On official panel cautioned Canada’s government that costs associated with climate change are likely to reach 1% of GDP in 2050, $20 billion – $42 billion a year.
"Climate change presents a growing, long-term economic burden for Canada," says the National Round Table on the Environment and the Economy, which was created by the government 1988 to advise on environmental issues.
Canada’s Conservative government has faced wide ranging critisms for not addressing climate change.
Northern parts of the country are warming much faster than the rest of the world, destroying forests, flooding low-lying areas and resulting in related health issues.
- increasing forest fire prevention, controlling pests, and planting climate-resilient tree species
- preventing new construction in flood prone areas
- installing pollution control technologies to limit ozone formation.
It also recommends that Canada sign onto a global treaty that commits the country to systematically lower carbon emissions. Talks are set to begin next month on whether the Kyoto Protocol will be extended beyond 2012, when it expires.
When Conservatives took power in 2006, Canada walked away from even its weak committments under the Kyoto treaty. John Bennett of the Sierra Club told Reuters the government is "stubborn, deaf, environmentally irresponsible, and antiquarian."
Under the Kyoto Protocol, Canada had committed to cut emissions 6% percent below 1990 levels by 2012; it’s current goal is to reduce greenhouse gas emissions 17% below 2005 levels by 2020.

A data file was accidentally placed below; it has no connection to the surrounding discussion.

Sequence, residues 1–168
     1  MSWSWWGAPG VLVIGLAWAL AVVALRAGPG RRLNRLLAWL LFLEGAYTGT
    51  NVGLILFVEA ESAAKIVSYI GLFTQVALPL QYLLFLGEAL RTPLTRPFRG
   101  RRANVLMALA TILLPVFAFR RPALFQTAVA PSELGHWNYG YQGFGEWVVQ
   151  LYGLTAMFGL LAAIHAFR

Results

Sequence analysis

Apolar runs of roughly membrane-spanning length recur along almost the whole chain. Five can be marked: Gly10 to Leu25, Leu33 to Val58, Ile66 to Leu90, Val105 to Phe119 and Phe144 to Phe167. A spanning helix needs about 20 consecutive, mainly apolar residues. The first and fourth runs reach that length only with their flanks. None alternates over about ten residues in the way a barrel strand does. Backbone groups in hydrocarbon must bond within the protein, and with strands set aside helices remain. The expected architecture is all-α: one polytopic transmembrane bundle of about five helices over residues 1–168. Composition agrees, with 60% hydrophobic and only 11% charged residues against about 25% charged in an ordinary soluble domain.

A new report shows the country may miss even those targets because of poorly planned and un-coordinated programs.
In July, the federal government said it would spend C$50 million a year to monitor air and water quality in northern Alberta and the overall impact of tar sands development on biodiversity there.
The country is increasingly taken to task for destroying its Boreal Forest for tar sands development and it’s commitment to expanding tar sands oil extraction, which has triple the emissions of conventional oil refining.
Meanwhile Denmark’s new center-left government raised the target for reducing greenhouse gas emissions to 40% by 2020 from 1990 levels. The target for renewable energy is to provide half the country’s s electricity.
Nova Scotia Steps Up
Last month, Nova Scotia, Canada’s second-smallest province, announced the highest feed-in tariffs in the world to support ocean/tidal energy, and the highest in North America for small wind projects.
It’s part of Nova Scotia’s plan to get 25% of its energy from renewables by 2015, and 40% by 2020. That will help it get off coal, which supplies 90% of its electricity, and which has become expensive to import.
Although several other provinces have clean energy targets, Nova Scotia’s is the only one written into law and which has fines for non-compliance. Ontario launched a feed-in tariff two years ago.
And the feed-in law only applies to small community-based projects that are owned by municipalities, First Nations and co-ops – not big developers.
Since Nova Scotia has a small population, it only needs to install 300 megawatts (MW) to get 25% renewables, less than half the size of many large wind farms.
Its feed-in law will pay 49.9 Canadian cents per kilowatt hour (kWh) for 20 years to small wind projects and 65.2 Canadian cents per kWh for small-scale, in-stream tidal power.
The challenge is to find areas of strong wind near transmission lines, reports Reuters.